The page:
What’s going on here? A clue, I think, is to be found in a remark that comes near the end of David Graeber’s recent magnum opus on debt: ‘The last thirty years have seen the construction of a vast bureaucratic apparatus for the creation and maintenance of hopelessness, a giant machine designed, first and foremost, to destroy any sense of possible alternative futures. At its root is a veritable obsession on the part of the rulers of the world . . . with ensuring that social movements cannot be seen to grow, flourish, or propose alternatives; that those who challenge existing power arrangements can never, under any circumstances, be perceived to win’.
In this, Graeber is echoing one of my favorite, often-quoted lines from Fredric Jameson: “The mass of people . . . do not themselves have to believe in any hegemonic ideology of the system, but only to be convinced of its permanence.”
But, as the piece continues, a certain fragility has crept into the system, as is no evident from recent global events. Perhaps it is because capitalism has so perfected its ability to perform efficiently? It is incredibly vulnerable now to asymmetrical shocks. There are ways of mitigating this, of course, but only expensive, Keynesian ones.
Thus neoliberalism has systematically dismantled the supports and failsafe systems that kept dissent in check, and has relied instead on preventing dissent from arising in the first place. The 99% have been cut off from institutional channels for influencing policy or voicing their grievances, and thus have been left with no choice but to take it to the streets. And now that we have done so, we are seeing the chaotic and unpredictable failure mode of neoliberal governance.
via Failure Mode.
Hmm, failure mode? I guess we’ll have to see. But certainly asserting something doesn’t make it so, as Kautsky reminded Lenin. And while it took some time for Kautsky to be proved right, in our own time its not clear that we’re even close to seeing a replay of that debate in the offing. Which raises the sort of question a Mick Cox might be willing to ask: at what point WOULD we want to start asking that question? What sort of things would we have to see going on around us before we started to talk about the demise of (the current mode of) capitalism? The main players in the EU are obviously hoping to bid for time and eject Greece gently from the Euro. Papandreou’s hand grenade notwithstanding, that probably remains the plan. In the meantime, the Greeks have been given what Zizek would no doubt call an “unfree” choice. As economic theorist Yanis Varoufakis puts it:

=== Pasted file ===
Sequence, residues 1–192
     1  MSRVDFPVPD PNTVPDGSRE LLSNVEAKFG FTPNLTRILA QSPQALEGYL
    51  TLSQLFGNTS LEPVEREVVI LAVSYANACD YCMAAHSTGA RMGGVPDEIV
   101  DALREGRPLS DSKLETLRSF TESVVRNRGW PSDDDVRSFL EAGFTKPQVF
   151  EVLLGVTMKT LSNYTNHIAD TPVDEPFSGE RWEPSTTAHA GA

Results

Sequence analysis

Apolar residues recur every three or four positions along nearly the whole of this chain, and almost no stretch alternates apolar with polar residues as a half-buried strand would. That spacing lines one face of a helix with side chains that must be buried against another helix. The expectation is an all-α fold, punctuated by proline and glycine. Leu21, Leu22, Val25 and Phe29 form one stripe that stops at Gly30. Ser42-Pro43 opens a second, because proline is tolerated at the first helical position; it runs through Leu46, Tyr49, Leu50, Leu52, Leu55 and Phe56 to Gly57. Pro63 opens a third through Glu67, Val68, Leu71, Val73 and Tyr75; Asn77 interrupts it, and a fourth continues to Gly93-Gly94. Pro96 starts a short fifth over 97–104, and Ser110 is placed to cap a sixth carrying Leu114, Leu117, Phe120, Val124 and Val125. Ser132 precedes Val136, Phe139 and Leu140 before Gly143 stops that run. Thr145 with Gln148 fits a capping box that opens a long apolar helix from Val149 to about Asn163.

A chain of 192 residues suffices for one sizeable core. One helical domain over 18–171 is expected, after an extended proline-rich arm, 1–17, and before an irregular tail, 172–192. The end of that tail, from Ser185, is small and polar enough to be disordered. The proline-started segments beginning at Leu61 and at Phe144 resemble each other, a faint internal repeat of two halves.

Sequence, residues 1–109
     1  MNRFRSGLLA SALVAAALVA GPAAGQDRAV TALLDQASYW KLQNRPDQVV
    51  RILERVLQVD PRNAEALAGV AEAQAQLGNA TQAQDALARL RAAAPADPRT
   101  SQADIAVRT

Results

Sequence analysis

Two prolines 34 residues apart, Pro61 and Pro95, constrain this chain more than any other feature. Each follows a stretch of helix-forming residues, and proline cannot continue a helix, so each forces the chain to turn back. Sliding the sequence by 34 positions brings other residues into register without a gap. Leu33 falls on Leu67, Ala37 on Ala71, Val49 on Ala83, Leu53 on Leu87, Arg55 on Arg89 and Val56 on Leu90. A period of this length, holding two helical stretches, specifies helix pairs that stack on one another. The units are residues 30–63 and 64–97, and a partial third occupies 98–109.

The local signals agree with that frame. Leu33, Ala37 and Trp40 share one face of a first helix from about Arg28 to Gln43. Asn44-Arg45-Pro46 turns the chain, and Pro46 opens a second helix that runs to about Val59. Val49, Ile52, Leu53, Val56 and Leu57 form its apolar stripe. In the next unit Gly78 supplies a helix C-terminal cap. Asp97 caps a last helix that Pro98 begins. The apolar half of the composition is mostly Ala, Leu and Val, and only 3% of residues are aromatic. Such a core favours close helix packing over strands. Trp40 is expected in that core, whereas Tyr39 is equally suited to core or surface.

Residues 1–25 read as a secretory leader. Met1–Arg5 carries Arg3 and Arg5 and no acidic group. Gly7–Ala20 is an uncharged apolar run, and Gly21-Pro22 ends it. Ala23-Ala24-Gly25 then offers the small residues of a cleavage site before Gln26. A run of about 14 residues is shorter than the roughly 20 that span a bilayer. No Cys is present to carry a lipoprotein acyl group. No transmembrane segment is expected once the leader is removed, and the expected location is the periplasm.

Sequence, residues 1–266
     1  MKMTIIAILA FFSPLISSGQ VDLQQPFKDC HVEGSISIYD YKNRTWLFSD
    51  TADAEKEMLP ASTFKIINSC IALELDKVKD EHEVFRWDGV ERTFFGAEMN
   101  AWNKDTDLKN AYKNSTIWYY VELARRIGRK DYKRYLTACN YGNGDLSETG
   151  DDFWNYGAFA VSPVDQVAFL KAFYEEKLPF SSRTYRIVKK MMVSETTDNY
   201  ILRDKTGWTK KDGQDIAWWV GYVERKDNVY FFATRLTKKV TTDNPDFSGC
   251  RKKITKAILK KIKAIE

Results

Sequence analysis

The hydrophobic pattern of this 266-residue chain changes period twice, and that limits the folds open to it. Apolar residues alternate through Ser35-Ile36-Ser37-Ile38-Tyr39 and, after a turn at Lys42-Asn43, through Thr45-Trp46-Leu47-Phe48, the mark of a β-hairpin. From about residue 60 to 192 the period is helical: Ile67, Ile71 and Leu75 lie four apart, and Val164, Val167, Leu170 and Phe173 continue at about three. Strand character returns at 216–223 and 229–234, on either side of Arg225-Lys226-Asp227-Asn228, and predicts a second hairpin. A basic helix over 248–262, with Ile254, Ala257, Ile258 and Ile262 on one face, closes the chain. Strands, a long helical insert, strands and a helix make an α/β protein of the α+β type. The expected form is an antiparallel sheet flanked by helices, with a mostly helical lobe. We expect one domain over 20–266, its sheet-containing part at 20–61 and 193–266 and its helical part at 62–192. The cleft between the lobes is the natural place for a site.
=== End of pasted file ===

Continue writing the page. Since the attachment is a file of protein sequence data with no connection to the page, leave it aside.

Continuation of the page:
In short, rather than an exercise in participatory democracy, the referendum is a shoddy, strategically ill-fated, morally corrupt and politically damaging ploy. Contrary to what is implied by the Greek PM’s minders, the referendum was never meant as a means of strengthening Mr Papandreou’s bargaining power over his European colleagues and the IMF. Had he cared to oppose the October Agreement, he ought to have done so in Brussels. No, the referendum is a means of extracting, first, a vote of confidence from his party’s battered MPs and, secondly, to impose upon the Greek people a hideous dilemma which identifies consent to the terrible October Agreement with a continued commitment to remaining in Europe. Rather than a gesture of granting Greeks a voice, this referendum is an attempt to gag the electorate.